Smoking weed causes menstrual cramps

Environment, people

The cultivation of tobacco is fraught with great risks for health, society and the environment. More than 90% of the tobacco traded worldwide is grown in Africa, Asia and Latin America. The cultivation of tobacco destroys forests, contaminates the soil and poisons water. This can lead to serious illnesses for those who work there. In addition, tobacco growing is always associated with child labor, hunger and poverty.

The tobacco industry tries to hide such problems. The corporations are increasingly presenting themselves to the outside world as responsible companies that ostensibly take care of the social concerns of tobacco farmers, are committed to combating child labor and campaigning for better environmental conditions. In many cases, however, it is nothing more than high-profile PR projects (public relations) to improve one's own image.

Tobacco cultivation endangers the tropical forest

There are several reasons why large areas of forest are cleared for tobacco and cigarette production. Since the tobacco plant needs a lot of nutrients, the soil is quickly depleted. This is why tobacco farmers always need new cultivation areas and clear the forests for this, e.g. in Tanzania. In order to dry the green tobacco leaves after the harvest, large amounts of firewood are needed, for which a large number of trees are felled. And finally, forests are also cut down for the paper used in cigarette production.

Estimates suggest that 200,000 hectares of forest are cleared for tobacco cultivation worldwide every year become. That is an area the size of the canton of St. Gallen. A good quarter (60,000 ha) of this is used for tobacco cultivation in Tanzania, and another quarter (50,000 ha) in Zimbabwe. Tobacco growing is like that for about 2-4% of global annual deforestation responsible.

The consequences of deforestation are devastating. Currently, the world's forest areas absorb a quarter of the greenhouse gas carbon dioxide (CO2). As a result of deforestation in tobacco-growing countries, important CO2 stores are lost that have a direct impact on the regional climate. The earth's “green lungs” are continuously shrinking, and less and less oxygen is being produced.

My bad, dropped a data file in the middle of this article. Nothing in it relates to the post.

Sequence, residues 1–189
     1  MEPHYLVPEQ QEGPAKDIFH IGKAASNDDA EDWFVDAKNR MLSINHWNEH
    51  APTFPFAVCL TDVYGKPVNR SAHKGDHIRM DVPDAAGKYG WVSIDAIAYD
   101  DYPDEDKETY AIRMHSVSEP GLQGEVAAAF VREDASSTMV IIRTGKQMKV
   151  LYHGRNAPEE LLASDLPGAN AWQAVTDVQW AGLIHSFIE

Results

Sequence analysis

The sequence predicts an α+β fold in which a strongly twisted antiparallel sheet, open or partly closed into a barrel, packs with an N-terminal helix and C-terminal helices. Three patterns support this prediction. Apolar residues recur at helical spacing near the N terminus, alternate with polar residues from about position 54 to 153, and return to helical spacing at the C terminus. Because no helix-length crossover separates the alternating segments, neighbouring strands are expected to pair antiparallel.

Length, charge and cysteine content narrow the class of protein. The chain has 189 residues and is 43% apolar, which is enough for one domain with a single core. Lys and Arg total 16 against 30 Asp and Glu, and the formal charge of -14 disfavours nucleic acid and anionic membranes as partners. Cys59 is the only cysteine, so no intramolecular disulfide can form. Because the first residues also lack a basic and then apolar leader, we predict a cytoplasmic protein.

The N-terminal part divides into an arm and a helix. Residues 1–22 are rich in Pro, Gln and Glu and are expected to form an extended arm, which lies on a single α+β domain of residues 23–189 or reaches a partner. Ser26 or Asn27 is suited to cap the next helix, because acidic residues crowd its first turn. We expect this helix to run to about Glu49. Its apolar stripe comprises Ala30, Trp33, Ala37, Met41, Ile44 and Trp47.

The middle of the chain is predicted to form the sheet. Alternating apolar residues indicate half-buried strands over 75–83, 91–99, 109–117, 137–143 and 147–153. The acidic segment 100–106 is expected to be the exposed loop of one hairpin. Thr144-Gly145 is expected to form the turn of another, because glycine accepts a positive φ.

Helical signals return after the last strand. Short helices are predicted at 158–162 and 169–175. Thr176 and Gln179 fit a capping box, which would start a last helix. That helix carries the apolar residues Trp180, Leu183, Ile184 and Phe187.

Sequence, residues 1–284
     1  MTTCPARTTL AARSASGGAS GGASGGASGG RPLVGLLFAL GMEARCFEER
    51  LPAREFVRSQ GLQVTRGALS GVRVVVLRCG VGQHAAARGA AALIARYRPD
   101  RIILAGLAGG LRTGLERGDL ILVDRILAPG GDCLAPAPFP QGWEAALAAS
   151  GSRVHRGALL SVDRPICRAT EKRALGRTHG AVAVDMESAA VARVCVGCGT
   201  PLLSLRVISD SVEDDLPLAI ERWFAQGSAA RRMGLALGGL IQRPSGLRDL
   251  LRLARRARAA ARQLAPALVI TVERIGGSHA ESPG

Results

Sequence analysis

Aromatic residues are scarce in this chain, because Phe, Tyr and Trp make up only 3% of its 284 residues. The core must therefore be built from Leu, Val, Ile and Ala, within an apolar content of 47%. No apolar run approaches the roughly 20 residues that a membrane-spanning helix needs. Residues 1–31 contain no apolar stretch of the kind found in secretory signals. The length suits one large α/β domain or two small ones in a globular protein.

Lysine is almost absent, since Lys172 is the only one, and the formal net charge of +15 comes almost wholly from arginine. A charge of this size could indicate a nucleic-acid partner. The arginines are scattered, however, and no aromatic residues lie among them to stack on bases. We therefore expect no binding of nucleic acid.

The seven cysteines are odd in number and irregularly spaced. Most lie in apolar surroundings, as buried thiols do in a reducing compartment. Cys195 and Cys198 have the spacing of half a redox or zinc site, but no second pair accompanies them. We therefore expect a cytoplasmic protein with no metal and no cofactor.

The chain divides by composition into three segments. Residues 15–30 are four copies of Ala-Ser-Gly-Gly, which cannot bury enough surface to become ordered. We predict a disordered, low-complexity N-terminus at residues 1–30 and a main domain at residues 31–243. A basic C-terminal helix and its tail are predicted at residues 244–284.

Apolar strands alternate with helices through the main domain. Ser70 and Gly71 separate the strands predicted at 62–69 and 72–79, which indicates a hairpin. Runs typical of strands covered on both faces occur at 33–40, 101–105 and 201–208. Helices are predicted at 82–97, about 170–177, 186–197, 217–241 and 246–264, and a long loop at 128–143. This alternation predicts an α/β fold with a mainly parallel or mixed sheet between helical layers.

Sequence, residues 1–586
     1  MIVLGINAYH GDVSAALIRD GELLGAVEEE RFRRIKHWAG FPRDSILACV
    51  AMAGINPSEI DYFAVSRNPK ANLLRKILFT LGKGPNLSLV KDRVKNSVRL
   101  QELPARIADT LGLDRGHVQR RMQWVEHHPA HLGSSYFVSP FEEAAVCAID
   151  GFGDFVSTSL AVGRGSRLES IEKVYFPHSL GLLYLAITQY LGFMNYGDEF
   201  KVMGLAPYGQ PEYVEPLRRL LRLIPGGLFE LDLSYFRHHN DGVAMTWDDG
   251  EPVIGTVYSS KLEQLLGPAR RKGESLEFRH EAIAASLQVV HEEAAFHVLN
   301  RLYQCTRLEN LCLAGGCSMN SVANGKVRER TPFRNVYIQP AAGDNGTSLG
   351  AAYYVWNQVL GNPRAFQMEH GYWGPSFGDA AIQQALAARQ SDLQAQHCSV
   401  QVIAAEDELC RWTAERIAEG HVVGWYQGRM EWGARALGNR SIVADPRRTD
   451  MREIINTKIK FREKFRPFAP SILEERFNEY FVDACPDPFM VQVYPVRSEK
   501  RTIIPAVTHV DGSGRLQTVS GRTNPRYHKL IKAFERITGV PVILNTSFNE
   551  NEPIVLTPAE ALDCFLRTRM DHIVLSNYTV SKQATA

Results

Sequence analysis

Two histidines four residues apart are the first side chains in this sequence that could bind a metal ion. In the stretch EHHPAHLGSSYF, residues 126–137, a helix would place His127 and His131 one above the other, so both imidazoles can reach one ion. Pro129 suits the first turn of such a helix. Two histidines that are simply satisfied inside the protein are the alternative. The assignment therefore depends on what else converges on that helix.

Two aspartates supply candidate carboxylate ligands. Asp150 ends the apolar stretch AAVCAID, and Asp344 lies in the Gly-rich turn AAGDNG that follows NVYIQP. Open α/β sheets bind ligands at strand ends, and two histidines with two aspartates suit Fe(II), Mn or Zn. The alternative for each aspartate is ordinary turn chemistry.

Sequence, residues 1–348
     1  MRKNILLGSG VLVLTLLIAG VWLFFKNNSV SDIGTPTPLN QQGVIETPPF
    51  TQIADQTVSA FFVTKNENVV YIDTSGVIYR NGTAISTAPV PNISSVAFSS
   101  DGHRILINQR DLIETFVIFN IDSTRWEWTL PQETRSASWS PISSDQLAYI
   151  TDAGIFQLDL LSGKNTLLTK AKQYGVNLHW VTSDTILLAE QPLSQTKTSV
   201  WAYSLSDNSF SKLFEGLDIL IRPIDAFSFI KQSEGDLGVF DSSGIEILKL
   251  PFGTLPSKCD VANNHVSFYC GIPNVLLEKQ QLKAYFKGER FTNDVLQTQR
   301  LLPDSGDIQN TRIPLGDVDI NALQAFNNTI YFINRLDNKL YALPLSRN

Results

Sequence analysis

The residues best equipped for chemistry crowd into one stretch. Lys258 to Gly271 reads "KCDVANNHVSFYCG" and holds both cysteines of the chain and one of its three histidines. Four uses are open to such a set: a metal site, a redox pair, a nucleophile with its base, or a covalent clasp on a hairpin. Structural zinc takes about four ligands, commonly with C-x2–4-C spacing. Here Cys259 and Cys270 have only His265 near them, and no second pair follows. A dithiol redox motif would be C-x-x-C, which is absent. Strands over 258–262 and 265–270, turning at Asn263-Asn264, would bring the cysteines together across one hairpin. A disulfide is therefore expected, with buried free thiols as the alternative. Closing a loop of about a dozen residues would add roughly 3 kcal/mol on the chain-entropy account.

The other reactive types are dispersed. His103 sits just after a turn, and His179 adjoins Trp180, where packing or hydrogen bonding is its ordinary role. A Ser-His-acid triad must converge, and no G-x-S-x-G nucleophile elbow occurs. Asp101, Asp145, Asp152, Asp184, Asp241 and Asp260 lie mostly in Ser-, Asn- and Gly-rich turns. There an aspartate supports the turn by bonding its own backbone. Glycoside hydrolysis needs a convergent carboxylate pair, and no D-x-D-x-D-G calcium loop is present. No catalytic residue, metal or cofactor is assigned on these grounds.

Poisoned soils and groundwater

In countries like Tanzania, where 84,000 tons of tobacco are produced annually, there is a dry climate. The intensive use of the soil by the nutrient devouring Tobacco monocultures leaves behind serious damage to the ground. The loss of nutrients, the lowering of the water table and the associated erosion make the land unusable for agriculture.

Tobacco monocultures are susceptible to disease and pest infestation. Large amounts of pesticides are used to keep fungi, weeds, insects and other pests away. Pesticides pose a major threat to the environment. They not only pollute the soil and water, but also endanger the people and animals living there, who are often directly exposed to the toxic substances. In Bangladesh, for example, tobacco cultivation poisons the Matamuhuri River over a length of 80 kilometers.

The chemicals can cause nerve damage and attack the airways. Some substances are also suspected of increasing the risk of cancer and causing deformities in the unborn as well as psychological damage. In Brazil, for example, suicides among tobacco farmers as a result of exposure to pesticides have been observed for many years in the tobacco growing areas. In addition, pesticides and fungicides are sometimes used in developing and emerging countries, which have long been banned in Europe.

Some pesticides also kill beneficial insects or cause disease among them. However, bees and other pollinating insects are essential to growing many crops and they are lost.

Tipping and polluted air

Cigarette buttsare that worldwide most common waste product on the ocean beaches. This is because up to 80% of marine pollution originates from land. 5.8 trillion cigarettes are smoked worldwide every year, three quarters of the butts become Thrown away carelessly. This heap of waste weighs more than 1 million tons and is roughly six times the amount of cheese produced in Switzerland each year.

Cigarette butts are highly toxic. In addition to nicotine, they also contain carcinogenic hydrocarbons and heavy metals that are released into the environment. In children, swallowing butts can cause severe symptoms of intoxication.

With the rain, the toxins also get into the groundwater. One cigarette butt can contaminate around 40 liters of drinking water. If the stumps are disposed of via the toilet, the solids, but not the toxins, can be filtered out by the waterworks. They end up in the fields as sewage sludge, which means that they return to the human food cycle or can be absorbed by wild animals.

Another problem with cigarette smoking is air pollution. An experiment by the Cancer Institute in Milan has revealed that cigarettes are real polluters compared to a modern diesel engine. The scientists used a garage in the Italian Alps, where the air hardly contains any particulate matter. There they let a modern diesel engine idle for 30 minutes. For comparison, three filter cigarettes were then burned in the closed room. The result of the air survey was clear: the cigarette smoke led to a ten-fold higher concentration of fine dust in the garage. Fine dust particles in the air are dangerous because they get very deep into the lungs when they are inhaled.

Next (exploitation of children and adults)